A major machine upgrade, with around £20M of procurement contracts, has recently been approved for the Mega Amp Spherical Tokamak (MAST) at Culham Centre for Fusion Energy in the UK. This will enhance MAST’s role in international research and offer EFDA Associations significant opportunities for collaboration.

Spherical tokamaks like MAST confine the plasma in a tighter magnetic configuration than the conventional JET or ITER-style design, resulting in a cored apple-shaped plasma rather than the usual ring doughnut shape. This offers the potential for more compact and economical fusion operation. Since being commissioned, in 2000, MAST has made significant contributions to fusion physics, particularly in understanding the instabilities that form at the edges of the plasma.

The Super-X divertor increases the distance that exhausted plasma travels before hitting the target by steering in a particular way along magnetic fields. (Picture: CCFE)

MAST Upgrade (MAST-U) has three core objectives that are central to the drive towards commercial fusion power:

  • Exploring the suitability of the spherical tokamak (ST) as a candidate for a Component Test Facility (CTF), as well as the viability of an ST as a compact design for fusion power plants.
  • Adding to the knowledge base for ITER by simulating ITER scenarios in an ST configuration in order to assess how the alternative shape affects plasma parameters.
  • Evaluating the Super-X divertor design (see below) that, if successful, could be adopted by future fusion devices, including DEMO. MAST-U will also test steady state tokamak operation with current driven by neutral beams.

According to these objectives, MAST Upgrade will provide high performance plasmas with pulse lengths of five seconds (up to ten times longer than the present duration), allowing the study of stable operating regimes that could be used for the design of future fusion machines. Improved parameters approaching fusion conditions will enable highly accurate scaling of plasma confinement models to DEMO, ITER and a CTF. Target parameter deliverables – including temperature up to 50 million °C and density over twice that of the existing machine – will allow experiments at significantly higher plasma pressure. MAST-U will be the first machine to include the high power exhaust system Super-X divertor. This design steers the exhausted plasma along magnetic field lines in such a way that it travels an increased distance before interacting with the targets. The particles are thus radiatively cooled and spread over a larger area, which will significantly reduce the power loads on the targets. With this configuration, MAST-U will be able to study the reduction in power loadings that will be required to handle the plasma exhaust in a CTF and future reactors. MAST-U will also be equipped with a ‘conventional’ divertor to compare the two systems.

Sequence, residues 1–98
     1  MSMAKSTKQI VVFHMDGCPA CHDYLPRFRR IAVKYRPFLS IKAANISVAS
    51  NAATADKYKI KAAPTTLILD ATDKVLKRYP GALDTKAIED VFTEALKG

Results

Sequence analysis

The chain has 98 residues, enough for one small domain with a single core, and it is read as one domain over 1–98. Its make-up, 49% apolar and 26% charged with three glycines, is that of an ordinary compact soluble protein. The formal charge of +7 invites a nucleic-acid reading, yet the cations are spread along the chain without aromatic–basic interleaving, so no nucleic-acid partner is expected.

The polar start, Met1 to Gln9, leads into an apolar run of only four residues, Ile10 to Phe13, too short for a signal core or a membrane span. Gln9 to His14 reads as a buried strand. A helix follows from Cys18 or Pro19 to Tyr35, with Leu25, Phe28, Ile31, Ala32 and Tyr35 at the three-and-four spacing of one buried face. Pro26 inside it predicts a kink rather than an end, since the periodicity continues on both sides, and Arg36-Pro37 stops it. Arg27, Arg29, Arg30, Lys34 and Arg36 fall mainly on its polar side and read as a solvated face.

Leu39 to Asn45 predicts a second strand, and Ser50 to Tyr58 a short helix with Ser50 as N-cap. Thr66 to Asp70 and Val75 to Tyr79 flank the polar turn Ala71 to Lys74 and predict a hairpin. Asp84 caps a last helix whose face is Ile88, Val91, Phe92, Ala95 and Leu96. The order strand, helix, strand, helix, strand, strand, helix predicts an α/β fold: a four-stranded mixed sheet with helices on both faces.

A Component Test Facility (CTF) would test complete components like blanket modules or first wall structures under fusion power plant conditions and thus complement the qualification of materials by IFMIF. The EFDA facilities review 2008 lists a CTF as desirable in order to reduce those risks for DEMO, which are associated with the qualification of nuclear technology components. CTFs would have to be driven in steady state mode for some days or weeks and produce enough neutron, particle and heat flux to resemble fusion reactor conditions. Spherical Tokamaks offer attractive features for such a facility, in that they are, for example, compact assemblies and, due to their relatively small plasma, can produce sufficient neutron flux while consuming low amounts of tritium.